Rob Simmons a key member of the Australia side that reached the 2015 Rugby World Cup final is looking forward to a new challenge playing in the English Premiership for London Irish

London (AFP) - Australian second row forward Rob Simmons, who won his 100th Wallabies cap at last year’s World Cup, said Friday he was relishing a new challenge after signing for Premiership club London Irish.

The 31-year-old will join several familiar faces at the club including fellow Wallabies Nick Phipps, Curtis Rona, Sekope Kepu and Adam Coleman.

The three-time World Cup veteran is leaving the NSW Waratahs after a two-year stay.

Previously he had been with the Queensland Reds, winning the Super Rugby title in 2011.

“London Irish can confirm that Australia international Rob Simmons has joined London Irish following an agreement with Super Rugby outfit NSW Waratahs and Rugby Australia,” London Irish said in a statement.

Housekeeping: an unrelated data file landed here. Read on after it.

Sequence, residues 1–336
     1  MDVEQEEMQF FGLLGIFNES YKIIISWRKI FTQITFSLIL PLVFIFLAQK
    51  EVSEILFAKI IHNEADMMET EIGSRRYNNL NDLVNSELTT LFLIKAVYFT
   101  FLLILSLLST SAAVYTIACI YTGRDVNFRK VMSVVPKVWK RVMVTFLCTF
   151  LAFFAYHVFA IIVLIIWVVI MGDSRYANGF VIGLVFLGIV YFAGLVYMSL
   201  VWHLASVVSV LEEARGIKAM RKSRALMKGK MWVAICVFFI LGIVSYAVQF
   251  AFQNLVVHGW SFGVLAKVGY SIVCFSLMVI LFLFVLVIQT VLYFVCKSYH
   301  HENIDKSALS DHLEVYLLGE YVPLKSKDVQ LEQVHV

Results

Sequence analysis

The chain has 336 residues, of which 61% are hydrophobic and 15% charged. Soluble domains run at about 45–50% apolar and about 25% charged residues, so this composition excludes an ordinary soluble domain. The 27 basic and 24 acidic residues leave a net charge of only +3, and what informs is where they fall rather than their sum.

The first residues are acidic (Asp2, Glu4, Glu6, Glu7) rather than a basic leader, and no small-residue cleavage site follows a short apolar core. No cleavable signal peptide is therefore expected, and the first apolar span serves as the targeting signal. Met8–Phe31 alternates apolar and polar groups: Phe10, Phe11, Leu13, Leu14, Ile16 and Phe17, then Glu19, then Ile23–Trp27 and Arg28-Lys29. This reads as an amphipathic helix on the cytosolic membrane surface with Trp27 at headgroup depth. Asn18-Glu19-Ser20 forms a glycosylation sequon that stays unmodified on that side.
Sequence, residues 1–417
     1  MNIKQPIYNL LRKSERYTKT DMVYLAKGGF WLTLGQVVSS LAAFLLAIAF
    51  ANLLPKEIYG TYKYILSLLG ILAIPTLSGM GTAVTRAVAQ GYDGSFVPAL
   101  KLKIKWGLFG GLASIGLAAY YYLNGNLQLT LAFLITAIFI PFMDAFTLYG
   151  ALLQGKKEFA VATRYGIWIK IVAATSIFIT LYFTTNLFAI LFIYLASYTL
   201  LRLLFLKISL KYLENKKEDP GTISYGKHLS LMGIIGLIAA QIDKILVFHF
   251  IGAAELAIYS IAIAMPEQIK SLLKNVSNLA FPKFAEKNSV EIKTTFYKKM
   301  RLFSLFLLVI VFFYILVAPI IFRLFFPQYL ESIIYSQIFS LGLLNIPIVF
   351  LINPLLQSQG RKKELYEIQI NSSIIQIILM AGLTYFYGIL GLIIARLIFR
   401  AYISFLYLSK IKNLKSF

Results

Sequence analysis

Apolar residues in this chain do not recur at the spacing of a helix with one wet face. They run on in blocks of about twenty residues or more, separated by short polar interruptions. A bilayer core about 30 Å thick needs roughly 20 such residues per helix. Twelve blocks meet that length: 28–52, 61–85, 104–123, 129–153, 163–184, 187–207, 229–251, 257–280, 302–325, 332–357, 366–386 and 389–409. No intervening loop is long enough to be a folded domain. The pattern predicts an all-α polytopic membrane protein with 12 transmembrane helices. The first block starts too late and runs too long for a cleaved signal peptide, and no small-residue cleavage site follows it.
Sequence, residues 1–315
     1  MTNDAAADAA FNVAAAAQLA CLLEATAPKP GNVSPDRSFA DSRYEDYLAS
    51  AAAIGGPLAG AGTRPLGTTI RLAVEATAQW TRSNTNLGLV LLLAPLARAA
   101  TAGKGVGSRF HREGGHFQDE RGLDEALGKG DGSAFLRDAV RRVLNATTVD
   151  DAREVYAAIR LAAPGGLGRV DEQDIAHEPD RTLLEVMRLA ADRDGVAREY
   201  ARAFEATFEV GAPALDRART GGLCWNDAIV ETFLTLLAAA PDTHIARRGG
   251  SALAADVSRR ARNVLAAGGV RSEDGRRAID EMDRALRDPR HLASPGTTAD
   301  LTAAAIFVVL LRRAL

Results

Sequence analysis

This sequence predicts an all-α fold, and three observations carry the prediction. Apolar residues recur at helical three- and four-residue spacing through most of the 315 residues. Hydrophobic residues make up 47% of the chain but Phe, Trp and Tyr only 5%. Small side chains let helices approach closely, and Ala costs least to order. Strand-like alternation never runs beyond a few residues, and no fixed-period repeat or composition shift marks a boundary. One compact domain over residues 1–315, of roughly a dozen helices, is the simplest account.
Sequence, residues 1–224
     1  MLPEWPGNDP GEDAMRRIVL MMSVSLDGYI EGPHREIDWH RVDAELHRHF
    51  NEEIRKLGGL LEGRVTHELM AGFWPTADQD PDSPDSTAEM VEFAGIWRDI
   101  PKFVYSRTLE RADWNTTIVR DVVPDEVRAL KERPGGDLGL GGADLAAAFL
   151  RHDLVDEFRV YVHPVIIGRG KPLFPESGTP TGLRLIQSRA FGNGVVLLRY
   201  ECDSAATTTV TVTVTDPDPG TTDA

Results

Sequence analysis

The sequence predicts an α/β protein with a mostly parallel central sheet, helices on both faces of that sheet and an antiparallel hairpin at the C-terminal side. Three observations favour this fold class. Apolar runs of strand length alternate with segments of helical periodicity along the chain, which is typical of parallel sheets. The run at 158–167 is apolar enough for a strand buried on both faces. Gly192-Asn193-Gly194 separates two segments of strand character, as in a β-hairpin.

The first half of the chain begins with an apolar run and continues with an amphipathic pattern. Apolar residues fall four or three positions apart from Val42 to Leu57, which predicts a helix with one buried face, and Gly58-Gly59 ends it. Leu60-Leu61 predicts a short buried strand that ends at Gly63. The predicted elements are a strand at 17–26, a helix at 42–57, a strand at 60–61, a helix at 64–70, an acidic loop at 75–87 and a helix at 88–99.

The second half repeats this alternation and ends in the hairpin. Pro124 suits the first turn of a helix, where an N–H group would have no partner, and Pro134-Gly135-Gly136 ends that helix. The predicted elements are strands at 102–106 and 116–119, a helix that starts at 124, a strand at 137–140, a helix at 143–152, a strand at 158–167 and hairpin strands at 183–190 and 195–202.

London Irish director of rugby Declan Kidney said signing a player of Simmons’ stature reflected the ambitions of the club.

“Rob comes to London Irish with fantastic club and international experience under his belt,” said Kidney.

“We are very happy that we had the capacity to recruit someone of Rob’s abilities.”

Simmons – who was an integral member of the Australia side that reached the 2015 World Cup final only to lose to New Zealand – said it had been “a really tough decision” to leave the Waratahs but he felt it was the right time to sample a championship abroad.

“Coming over to England is a brilliant opportunity for me and I can’t wait to get going with London Irish” said Simmons.

“I already know a few of the guys over there, so it will be good to have some familiar faces when I arrive.”

London Irish are moving back closer to their London base next season when they move into the news stadium of football club Brentford.

“It seems to be an exciting time for the club, especially with the stadium move next season, so I am looking forward to linking up with my new teammates and contributing as much as I can.”